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Poverty in America: Trends and Explanations

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Abstract

Despite robust growth in real per capita GDP over the last three decades, the U.S. poverty rate has changed very little. In an effort to better understand this disconnect, we document and quantify the relationship between poverty and four different factors that may affect poverty and its evolution over time: labor market opportunities, family structure, anti-poverty programs, and immigration. We find that the relationship between the macro-economy and poverty has weakened over time. Nevertheless, changes in labor market opportunities predict changes in the poverty rate rather well. We also find that changes in female labor supply should have reduced poverty, but was counteracted by an increase in the rate of female headship. Changes in the number and composition of immigrants and changes in the generosity of anti-poverty programs seem to have had little effect.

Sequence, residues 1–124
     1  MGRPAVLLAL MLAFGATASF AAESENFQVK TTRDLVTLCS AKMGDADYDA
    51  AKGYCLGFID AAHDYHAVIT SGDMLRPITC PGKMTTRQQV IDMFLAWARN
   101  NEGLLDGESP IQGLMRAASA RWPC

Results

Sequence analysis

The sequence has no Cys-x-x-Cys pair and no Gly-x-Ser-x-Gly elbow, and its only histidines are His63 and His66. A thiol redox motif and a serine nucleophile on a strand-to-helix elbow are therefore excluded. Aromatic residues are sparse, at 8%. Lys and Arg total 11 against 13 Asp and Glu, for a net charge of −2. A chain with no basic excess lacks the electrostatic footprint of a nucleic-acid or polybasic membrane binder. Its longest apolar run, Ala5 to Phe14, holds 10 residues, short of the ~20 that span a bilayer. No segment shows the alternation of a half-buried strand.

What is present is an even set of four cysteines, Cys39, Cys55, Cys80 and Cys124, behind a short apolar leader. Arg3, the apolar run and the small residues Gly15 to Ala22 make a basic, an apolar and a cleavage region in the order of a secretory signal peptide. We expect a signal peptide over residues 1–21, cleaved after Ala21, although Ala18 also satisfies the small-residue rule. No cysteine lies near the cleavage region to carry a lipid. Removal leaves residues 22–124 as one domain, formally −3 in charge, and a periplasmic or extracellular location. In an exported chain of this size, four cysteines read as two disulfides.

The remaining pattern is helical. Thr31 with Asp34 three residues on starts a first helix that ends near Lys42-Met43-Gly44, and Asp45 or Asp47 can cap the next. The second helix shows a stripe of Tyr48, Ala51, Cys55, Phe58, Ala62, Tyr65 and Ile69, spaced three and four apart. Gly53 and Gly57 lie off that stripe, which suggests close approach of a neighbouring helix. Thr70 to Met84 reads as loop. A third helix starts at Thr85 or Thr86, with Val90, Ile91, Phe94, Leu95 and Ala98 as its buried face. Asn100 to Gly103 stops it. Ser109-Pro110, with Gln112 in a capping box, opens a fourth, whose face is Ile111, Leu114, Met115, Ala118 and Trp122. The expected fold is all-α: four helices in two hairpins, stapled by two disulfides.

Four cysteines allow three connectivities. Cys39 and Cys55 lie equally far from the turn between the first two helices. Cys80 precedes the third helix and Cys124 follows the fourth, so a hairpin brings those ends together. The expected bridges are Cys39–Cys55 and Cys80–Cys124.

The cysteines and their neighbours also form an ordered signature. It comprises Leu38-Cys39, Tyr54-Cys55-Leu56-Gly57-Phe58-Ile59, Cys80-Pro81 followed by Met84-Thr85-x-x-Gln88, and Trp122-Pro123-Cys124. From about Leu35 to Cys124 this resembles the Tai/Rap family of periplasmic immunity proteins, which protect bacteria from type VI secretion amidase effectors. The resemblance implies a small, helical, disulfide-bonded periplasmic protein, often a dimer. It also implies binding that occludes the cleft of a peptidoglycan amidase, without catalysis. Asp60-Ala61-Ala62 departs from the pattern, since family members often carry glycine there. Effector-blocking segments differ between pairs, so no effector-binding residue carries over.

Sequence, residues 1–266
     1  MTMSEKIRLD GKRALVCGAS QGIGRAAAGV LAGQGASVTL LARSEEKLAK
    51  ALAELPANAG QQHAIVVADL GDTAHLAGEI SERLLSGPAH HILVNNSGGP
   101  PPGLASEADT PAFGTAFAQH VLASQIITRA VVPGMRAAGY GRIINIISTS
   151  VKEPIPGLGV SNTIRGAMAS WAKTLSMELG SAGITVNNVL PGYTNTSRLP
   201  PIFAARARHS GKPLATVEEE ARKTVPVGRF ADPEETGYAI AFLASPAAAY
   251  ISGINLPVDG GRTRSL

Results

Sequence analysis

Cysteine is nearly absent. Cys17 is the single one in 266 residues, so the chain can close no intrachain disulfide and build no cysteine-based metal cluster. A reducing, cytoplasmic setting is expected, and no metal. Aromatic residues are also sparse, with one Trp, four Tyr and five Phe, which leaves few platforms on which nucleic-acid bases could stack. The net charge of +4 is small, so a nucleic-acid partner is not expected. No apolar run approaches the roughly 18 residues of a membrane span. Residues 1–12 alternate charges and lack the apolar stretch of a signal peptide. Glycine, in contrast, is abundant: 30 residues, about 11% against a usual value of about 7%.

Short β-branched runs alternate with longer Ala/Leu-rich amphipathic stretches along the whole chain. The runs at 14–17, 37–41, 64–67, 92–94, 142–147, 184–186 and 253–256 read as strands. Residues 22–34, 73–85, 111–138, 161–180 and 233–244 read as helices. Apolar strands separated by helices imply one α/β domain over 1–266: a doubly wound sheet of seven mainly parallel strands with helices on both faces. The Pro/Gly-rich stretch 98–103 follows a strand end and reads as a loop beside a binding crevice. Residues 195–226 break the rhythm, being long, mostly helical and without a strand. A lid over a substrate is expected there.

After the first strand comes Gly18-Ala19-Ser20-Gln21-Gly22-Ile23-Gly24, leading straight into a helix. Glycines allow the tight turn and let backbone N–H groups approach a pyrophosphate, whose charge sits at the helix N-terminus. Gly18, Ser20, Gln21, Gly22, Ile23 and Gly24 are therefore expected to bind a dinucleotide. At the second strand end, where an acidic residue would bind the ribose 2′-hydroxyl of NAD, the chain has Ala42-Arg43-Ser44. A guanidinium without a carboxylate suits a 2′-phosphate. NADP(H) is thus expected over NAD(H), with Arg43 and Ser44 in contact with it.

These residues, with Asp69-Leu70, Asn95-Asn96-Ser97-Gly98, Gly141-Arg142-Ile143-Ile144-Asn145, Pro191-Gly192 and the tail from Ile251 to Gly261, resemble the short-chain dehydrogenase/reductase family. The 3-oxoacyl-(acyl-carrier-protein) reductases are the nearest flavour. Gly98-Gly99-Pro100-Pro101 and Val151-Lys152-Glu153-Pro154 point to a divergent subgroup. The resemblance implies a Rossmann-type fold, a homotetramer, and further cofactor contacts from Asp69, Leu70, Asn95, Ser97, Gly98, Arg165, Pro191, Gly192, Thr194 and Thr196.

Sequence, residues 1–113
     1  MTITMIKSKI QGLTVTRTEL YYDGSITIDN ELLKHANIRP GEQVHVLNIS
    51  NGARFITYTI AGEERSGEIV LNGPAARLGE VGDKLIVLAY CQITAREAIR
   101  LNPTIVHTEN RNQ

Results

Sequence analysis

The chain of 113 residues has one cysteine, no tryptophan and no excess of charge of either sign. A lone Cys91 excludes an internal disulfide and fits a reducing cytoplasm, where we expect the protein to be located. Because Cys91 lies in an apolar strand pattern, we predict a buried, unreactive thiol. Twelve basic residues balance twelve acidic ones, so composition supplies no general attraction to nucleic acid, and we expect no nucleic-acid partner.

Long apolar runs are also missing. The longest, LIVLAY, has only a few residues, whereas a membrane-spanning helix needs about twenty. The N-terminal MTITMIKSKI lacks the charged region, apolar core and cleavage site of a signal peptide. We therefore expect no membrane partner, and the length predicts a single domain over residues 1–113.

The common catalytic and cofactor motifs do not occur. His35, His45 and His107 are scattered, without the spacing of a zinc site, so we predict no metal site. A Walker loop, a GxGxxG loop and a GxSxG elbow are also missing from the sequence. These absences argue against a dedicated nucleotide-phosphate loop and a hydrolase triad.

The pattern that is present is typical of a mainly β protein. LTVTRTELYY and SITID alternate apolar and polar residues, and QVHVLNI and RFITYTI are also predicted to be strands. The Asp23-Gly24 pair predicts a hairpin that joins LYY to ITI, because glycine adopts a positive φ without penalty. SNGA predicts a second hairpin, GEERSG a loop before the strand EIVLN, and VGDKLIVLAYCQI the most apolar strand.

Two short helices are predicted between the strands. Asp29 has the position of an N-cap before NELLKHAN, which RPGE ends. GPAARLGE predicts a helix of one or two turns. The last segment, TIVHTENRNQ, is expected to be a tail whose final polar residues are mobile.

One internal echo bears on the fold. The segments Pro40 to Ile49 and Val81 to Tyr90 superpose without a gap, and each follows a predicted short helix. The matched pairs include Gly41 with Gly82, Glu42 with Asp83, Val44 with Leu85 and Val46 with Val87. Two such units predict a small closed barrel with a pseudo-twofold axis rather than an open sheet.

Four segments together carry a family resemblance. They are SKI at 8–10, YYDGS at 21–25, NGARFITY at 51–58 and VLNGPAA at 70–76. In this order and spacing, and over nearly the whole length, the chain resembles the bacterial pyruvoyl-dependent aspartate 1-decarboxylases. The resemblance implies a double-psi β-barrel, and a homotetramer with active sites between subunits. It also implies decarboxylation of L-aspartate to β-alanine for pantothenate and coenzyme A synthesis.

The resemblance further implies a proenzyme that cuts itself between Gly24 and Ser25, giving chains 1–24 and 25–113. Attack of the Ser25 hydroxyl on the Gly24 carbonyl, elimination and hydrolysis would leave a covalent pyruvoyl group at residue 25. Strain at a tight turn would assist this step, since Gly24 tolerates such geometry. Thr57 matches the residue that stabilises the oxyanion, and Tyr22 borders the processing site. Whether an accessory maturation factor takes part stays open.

Suggested Citation

  • Hilary Hoynes & Marianne Page & Ann Stevens, 2005. "Poverty in America: Trends and Explanations," NBER Working Papers 11681, National Bureau of Economic Research, Inc.
  • Handle: RePEc:nbr:nberwo:11681
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    JEL classification:

    • I32 - Health, Education, and Welfare - - Welfare, Well-Being, and Poverty - - - Measurement and Analysis of Poverty
    • I38 - Health, Education, and Welfare - - Welfare, Well-Being, and Poverty - - - Government Programs; Provision and Effects of Welfare Programs
    • J21 - Labor and Demographic Economics - - Demand and Supply of Labor - - - Labor Force and Employment, Size, and Structure

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